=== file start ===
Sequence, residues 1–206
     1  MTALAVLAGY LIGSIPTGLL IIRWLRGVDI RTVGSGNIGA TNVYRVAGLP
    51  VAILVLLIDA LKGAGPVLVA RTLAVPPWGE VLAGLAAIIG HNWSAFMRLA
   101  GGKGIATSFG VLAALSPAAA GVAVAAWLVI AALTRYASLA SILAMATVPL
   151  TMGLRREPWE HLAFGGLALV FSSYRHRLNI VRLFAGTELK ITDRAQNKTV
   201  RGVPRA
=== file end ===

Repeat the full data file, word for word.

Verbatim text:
Sequence, residues 1–206
     1  MTALAVLAGY LIGSIPTGLL IIRWLRGVDI RTVGSGNIGA TNVYRVAGLP
    51  VAILVLLIDA LKGAGPVLVA RTLAVPPWGE VLAGLAAIIG HNWSAFMRLA
   101  GGKGIATSFG VLAALSPAAA GVAVAAWLVI AALTRYASLA SILAMATVPL
   151  TMGLRREPWE HLAFGGLALV FSSYRHRLNI VRLFAGTELK ITDRAQNKTV
   201  RGVPRA